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Major Announcements last week:· The RBA hikes the cash rate by 25pts to 4.75%
· Irish debt concerns see German/Irish debt spread increase through Greece bailout level of 5.5%
· NZ Unemployment rate drops to 6.4%
· US Fed embarks on 2nd round of QE, 600billion USD over 8months.
· US employment numbers strong at 151k jobs added for the month
Market Overview:The past week certainly proved to be an interesting one in the markets. The much anticipated US Fed announcement of their Quantitative Easing (QE-effectively the printing of money, by lowering longer term interest rates, through the purchasing of US Government Debt or Bonds), to the tune of USD 600 billion over the next eight months was a little above the general market consensus, with a fresh wave to US dollar selling the market response. This US dollar selling pushed almost all other currencies to recent highs against the beleaguered USD.
This second round of QE has caused tension, with the likes of Japan, Brazil, South Korea, China and Europe all voicing their condemnation. This weekend’s upcoming G20 talks will certainly been strained, with Japanese prime minister Kan stating publicly that the US policies are directly contributing to the strength of the Yen, and ultimately Japans ability to pull itself out of the economic doldrums. All counties want to “export” their way out of the soft economies caused by the global financial crisis. If everybody took measures to competitively devalue their currency, a full blown “currency war” could follow. This would mean multiple levels of tariff and protectionism to curb the importation of foreign produced goods. This would spell disaster for the health of the global economy, and the benefits of free trade that go with it.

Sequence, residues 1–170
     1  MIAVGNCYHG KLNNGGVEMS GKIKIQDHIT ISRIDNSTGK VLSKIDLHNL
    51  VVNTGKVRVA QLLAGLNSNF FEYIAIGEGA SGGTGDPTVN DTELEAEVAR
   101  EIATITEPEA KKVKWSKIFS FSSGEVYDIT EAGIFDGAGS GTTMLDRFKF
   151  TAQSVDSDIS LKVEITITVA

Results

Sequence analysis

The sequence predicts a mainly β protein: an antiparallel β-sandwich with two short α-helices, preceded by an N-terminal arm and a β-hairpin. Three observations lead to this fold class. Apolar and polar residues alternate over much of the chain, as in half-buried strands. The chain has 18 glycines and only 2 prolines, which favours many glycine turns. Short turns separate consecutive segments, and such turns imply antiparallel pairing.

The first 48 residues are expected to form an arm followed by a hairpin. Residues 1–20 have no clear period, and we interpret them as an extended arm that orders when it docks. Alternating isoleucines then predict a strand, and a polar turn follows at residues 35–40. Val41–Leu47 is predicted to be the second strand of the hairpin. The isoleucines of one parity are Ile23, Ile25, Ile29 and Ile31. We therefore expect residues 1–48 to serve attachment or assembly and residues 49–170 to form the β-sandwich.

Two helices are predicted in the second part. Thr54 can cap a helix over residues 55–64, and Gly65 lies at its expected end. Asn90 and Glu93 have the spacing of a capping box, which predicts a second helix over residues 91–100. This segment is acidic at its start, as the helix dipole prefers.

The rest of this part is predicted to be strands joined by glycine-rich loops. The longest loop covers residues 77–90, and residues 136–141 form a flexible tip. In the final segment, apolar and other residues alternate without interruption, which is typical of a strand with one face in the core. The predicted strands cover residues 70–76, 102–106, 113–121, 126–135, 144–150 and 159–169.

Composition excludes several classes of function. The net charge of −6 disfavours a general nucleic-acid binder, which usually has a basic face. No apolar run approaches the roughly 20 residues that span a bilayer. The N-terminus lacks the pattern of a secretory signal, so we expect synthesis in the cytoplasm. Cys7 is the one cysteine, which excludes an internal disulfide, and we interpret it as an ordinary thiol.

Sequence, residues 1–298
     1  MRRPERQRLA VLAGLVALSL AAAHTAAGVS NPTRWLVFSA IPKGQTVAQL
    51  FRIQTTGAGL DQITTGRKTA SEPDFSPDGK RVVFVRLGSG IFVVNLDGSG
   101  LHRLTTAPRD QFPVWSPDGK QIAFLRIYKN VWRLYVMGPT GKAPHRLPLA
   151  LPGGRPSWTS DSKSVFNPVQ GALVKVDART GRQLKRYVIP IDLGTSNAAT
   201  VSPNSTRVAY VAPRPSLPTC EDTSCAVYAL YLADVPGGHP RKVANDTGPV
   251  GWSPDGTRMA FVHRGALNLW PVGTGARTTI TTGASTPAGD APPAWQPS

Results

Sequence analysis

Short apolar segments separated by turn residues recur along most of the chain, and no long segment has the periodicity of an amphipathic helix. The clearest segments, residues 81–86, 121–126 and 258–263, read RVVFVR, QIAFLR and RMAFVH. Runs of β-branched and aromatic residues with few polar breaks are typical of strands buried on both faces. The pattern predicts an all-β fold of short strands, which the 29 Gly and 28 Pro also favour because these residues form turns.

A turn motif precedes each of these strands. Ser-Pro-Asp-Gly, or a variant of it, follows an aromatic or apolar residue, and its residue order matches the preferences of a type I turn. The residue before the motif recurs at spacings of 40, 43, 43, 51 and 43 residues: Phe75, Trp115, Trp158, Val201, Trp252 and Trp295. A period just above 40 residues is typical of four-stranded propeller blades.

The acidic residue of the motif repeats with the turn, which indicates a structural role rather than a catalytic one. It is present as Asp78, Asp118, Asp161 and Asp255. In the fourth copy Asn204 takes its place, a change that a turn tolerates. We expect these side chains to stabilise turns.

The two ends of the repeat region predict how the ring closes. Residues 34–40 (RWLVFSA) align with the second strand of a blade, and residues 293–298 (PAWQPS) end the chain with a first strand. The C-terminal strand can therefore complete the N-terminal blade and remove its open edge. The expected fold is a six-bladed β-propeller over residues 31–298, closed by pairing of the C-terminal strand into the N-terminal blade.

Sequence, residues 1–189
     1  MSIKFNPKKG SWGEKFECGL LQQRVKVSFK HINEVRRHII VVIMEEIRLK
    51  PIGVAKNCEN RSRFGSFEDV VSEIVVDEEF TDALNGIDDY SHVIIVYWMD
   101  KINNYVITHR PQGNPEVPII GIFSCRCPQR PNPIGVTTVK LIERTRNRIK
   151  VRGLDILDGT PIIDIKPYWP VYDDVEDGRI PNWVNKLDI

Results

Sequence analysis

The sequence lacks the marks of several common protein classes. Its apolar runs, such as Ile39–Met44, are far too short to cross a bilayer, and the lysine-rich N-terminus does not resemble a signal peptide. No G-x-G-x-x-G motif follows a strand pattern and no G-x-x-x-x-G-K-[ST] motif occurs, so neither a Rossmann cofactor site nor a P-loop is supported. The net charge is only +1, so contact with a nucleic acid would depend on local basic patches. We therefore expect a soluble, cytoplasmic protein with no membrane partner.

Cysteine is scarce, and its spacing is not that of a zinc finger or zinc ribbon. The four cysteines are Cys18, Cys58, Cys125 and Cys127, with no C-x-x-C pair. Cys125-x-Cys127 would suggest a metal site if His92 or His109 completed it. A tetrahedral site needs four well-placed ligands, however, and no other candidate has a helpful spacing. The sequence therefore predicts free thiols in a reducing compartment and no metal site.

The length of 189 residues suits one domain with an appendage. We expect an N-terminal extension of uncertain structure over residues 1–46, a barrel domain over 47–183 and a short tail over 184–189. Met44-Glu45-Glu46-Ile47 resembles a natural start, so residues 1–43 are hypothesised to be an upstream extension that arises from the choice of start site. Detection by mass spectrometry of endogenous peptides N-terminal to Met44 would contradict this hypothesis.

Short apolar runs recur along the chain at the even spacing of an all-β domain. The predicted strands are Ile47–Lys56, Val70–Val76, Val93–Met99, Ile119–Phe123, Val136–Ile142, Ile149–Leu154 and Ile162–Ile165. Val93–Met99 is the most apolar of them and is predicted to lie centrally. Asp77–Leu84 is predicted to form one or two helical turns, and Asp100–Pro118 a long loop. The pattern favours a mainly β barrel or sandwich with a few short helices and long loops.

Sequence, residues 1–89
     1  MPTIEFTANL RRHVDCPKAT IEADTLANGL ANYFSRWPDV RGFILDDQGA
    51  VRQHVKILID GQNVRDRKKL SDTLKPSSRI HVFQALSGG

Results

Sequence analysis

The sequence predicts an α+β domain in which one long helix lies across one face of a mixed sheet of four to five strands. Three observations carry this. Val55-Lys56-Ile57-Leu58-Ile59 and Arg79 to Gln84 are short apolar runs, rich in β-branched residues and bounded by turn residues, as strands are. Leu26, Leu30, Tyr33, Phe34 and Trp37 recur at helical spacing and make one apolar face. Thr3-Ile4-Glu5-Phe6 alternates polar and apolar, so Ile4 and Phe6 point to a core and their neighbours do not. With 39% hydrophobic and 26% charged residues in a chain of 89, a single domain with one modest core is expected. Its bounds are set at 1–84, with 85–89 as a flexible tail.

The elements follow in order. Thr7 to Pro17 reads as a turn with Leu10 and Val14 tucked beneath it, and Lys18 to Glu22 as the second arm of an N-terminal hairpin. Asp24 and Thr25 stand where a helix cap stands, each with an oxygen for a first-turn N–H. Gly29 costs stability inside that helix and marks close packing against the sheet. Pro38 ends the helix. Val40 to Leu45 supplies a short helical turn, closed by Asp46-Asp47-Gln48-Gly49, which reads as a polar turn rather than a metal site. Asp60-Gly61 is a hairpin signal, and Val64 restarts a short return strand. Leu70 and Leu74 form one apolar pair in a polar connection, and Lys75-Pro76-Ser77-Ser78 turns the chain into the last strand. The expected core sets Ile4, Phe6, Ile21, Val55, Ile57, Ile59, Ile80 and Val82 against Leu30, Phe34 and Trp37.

Ironically the economic data released in the US during the course of last week was stronger than expectations, with pickups in activity in both manufacturing and non-manufacturing activity, construction and stronger employment numbers.
The Reserve Bank of Australia (RBA) provided a surprise 25pt hike in the cash rate to 4.75%, which will support the Australian dollar as interest rate differentials are further increased. Only a large fall in Building Approvals of -6.6% vs an expected +.3% rise, provided any weakness for the AUD. Chinese data remains strong, and given Australia’s close economic relationship with China, the outlook for the Australian economy remains good.
In Europe, once again concerns over Government Debt emerged. Irish debt leading the headlines, as it now costs Ireland an interest rate 5.5% higher than the bench mark of Germany. This 5.5% spread above Germany is wider than the 5.2% level where Greece required the IMF bailout earlier in the year. The re-emergence of Debt concerns should keep a cap on further EURO strength in the near term at the least.
In the UK the economic data was on the whole stronger than expectation. This coupled with the Govt. cuts in spending, and the Bank of England’s decision not to undertake any further QE at this stage, should set the scene for some resurgence in the fortunes of the Great British pound.
New Zealand’s strangely strong employment numbers released on Thursday saw the Unemployment Rate dip to 6.4%. This saw the New Zealand dollar rally to see a high of .7976 against the US dollar, much to the dismay of the exporting sector.